I learned that the first fairly accurate measurement of the speed of light was made in 1676 by a Danish astronomer, Ole Roemer, based on calculations to do with the orbits of Jupiter moons! Amazing.
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LibraryThing member riofriotex
This is a fairly short (175 pages of text in trade paperback size) nonfiction account of the attempts to find a way to determine longitude at sea. It is primarily about John Harrison, inventor of the chronometer. There are no footnotes (intentionally by the author), but there is a two-page bibliography and four-page index.
LibraryThing member aaronball8620
In the modern world we take many of things for granted that were fundamental in shaping our world long ago. Spatial information is one of these things. We use online services like Bing Maps or Google Earth for everthing from locating a friend’s home to tracking epidemic patterns. These online spatial services are a component of geographic information systems (GIS), a technology that is shaping our world today. Central to this technology are latitude and longitude, the coordinate system by which a location is indexed. Without the ability to locate a place by latitude or longitude these services would not be possible.
Latitude has always been simple to find, just take the angle from the horizon to the North Star. Determining one’s longitude was not so easy. Since the Earth rotates 360 degrees in 24 hours, the longitude of a location is the difference in time between noon at that location and noon at the reference meridian. Hence, an accurate method of determining time at these two locations is vital to determining longitude. The book Longitude, by Dava Sobel, tells of how this problem was solved by a persistent clock-maker in England in the eighteenth century.
The problem of fixing longitude is an old one. Without knowledge of the longitude, mariners navigated by dead-reckoning. A ship would sail along a coastline to a fixed parallel. Then turning seaward, it sailed along the parallel to the longitude of a distant port keeping track along the way by reckoning the distance traveled from the ships velocity and hour glasses. Sobel writes of Admiral Sir Clowdisley Shovell’s disastrous miscalculation on a foggy autumn night in 1707. Misjudging the ships location in fog, the Admiral’s five vessels sank and thousands of sailors died. Before longitude shoals of uncertainty and danger waited to sink the dreams of all who ventured beyond the horizon. The Longitude Act of 1714 offered a prize to anyone who solved the longitude problem.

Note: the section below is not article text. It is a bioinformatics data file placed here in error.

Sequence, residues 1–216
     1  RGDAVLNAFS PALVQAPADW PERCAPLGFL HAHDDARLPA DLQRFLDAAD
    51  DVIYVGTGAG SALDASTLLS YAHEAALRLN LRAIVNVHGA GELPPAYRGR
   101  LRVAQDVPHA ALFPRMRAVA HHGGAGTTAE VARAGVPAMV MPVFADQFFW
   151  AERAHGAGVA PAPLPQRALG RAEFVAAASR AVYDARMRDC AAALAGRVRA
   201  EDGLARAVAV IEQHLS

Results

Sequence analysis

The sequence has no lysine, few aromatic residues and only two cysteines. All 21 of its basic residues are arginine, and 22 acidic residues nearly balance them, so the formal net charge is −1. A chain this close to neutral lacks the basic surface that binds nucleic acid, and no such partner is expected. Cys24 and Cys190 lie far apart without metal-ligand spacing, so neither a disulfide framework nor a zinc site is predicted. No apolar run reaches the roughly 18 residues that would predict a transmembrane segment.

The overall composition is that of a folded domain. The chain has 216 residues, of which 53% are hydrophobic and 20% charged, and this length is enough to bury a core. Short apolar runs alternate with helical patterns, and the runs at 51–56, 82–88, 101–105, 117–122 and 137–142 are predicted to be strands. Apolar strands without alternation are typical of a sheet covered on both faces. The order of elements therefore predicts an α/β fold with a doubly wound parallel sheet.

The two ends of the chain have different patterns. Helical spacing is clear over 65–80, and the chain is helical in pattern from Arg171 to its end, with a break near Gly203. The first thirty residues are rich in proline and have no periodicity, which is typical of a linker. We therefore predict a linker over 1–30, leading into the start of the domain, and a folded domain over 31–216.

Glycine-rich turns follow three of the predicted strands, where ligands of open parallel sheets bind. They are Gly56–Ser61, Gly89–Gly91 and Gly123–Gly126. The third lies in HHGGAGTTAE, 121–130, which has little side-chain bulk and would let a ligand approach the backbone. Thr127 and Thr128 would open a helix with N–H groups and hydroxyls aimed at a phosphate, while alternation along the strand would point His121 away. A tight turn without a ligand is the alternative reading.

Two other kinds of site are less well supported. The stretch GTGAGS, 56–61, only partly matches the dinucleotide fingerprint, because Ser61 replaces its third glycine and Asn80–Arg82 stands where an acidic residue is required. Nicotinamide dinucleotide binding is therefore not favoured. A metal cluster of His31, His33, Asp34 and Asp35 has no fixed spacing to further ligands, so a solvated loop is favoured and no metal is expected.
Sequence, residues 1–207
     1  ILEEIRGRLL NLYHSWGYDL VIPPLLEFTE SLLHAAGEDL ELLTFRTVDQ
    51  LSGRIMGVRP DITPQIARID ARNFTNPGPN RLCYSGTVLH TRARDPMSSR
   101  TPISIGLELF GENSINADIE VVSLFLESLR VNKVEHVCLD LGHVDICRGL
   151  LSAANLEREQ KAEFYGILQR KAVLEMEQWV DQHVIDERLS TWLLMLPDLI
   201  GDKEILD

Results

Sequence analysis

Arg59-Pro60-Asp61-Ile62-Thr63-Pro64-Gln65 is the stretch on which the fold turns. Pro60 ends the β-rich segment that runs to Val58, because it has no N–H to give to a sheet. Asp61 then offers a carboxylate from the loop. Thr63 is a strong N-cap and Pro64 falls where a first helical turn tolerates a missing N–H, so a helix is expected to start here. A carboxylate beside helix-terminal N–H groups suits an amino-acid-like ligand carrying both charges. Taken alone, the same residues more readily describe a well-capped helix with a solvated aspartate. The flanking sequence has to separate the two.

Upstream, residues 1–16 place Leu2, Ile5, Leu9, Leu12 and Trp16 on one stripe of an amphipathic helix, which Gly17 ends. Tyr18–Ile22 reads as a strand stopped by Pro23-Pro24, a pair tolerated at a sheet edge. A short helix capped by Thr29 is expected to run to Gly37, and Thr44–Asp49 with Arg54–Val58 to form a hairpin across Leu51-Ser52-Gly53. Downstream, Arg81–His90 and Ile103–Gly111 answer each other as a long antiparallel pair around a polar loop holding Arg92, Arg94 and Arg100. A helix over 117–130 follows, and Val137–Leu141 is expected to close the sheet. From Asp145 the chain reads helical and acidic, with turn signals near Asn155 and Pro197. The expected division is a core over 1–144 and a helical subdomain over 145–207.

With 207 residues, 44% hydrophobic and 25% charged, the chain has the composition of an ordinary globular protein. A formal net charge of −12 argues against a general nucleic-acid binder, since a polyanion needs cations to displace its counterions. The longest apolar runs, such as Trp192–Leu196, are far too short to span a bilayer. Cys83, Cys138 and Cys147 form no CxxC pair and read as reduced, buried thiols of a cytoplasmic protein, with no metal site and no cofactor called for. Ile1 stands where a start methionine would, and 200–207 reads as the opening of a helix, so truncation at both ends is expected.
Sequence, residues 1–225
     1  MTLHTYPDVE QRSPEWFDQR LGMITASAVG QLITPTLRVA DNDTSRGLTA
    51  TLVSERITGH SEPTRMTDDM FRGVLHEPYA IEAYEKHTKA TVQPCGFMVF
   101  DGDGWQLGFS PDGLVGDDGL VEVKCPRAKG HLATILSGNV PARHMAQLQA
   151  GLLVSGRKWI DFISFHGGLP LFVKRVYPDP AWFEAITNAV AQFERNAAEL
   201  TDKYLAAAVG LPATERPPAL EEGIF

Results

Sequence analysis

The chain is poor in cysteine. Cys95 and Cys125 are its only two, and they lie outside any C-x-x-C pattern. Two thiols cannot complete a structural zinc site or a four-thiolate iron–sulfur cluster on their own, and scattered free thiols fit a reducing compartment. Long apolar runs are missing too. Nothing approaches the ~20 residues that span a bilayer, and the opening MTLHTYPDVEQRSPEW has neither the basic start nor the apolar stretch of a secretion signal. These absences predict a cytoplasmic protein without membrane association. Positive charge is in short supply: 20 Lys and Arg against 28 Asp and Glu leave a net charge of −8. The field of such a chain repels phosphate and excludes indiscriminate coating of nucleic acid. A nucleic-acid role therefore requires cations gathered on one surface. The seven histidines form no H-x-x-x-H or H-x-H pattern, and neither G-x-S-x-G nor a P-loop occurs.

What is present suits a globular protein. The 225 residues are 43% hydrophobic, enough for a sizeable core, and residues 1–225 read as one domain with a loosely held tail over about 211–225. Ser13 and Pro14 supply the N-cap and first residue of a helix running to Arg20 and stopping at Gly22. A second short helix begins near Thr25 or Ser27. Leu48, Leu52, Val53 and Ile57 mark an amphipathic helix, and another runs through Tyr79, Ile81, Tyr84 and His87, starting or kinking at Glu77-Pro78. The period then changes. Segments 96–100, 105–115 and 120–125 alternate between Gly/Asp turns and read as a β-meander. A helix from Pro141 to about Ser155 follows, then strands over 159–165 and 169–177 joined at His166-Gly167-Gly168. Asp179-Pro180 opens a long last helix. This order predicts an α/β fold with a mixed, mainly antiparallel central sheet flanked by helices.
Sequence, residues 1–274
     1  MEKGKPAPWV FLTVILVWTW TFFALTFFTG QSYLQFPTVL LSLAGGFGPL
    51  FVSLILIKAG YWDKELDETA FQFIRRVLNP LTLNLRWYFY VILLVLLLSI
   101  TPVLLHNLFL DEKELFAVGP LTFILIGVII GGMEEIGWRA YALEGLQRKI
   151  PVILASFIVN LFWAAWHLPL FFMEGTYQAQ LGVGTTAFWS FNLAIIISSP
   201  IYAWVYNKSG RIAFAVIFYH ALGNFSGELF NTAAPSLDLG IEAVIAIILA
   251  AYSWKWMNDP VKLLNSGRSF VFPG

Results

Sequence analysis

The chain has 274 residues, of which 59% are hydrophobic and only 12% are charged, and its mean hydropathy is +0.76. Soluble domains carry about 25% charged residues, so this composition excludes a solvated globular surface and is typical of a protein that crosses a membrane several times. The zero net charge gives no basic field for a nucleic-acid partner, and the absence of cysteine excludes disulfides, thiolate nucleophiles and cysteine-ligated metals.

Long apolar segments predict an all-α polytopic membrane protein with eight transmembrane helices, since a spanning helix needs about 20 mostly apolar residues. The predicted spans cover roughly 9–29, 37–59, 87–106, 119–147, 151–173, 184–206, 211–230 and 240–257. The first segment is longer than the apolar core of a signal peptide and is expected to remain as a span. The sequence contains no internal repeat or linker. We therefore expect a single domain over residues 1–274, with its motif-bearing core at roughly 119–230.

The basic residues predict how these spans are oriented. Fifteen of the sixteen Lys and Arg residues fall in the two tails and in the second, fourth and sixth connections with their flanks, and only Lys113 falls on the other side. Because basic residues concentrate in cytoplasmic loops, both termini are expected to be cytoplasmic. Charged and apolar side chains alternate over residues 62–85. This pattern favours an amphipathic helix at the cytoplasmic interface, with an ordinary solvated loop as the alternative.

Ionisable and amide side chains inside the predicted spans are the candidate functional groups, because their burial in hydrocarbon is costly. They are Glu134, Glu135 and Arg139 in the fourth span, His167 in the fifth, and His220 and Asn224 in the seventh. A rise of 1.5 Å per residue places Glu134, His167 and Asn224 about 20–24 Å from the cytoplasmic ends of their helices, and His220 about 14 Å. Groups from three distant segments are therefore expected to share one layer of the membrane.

A self-educated clock maker named John Harrison saw a precision time device as the solution to the longitude problem. Instead of going directly to the Board of Longitude, he presented his first clock, the H-1, to the Royal Society in hopes of winning crucial support of the device. The Society agreed to send the chronometer, as the clock came to be called, on an experiment with a departing ship. On the return voyage the ship’s captain made a miscalculation of position that Harrison corrected with his clock. The captain was thoroughly impressed with the performance of the device and encouraged the Royal Society to endorse it. Harrison however believed he could improve upon the design before going before the Board of Longitude for the prize offered in the Longitude Act. He received a loan for a member of the Royal Society and commenced work on the H-2.